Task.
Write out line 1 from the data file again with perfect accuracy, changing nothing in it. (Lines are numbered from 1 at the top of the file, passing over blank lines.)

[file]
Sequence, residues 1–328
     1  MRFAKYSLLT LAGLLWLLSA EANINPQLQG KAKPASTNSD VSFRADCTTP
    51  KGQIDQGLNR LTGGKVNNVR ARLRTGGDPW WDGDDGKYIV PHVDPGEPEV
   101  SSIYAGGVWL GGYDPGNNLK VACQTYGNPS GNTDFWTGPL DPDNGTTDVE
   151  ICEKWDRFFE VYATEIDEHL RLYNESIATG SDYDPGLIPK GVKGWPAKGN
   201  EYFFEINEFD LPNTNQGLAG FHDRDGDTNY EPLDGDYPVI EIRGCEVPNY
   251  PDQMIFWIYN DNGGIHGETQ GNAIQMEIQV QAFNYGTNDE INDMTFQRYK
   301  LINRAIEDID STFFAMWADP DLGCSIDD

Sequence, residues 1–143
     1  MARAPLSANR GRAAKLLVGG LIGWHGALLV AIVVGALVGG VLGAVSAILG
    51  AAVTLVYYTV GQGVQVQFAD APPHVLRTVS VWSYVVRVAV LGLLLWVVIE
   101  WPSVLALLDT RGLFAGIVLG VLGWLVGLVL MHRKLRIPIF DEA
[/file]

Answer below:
Sequence, residues 1–328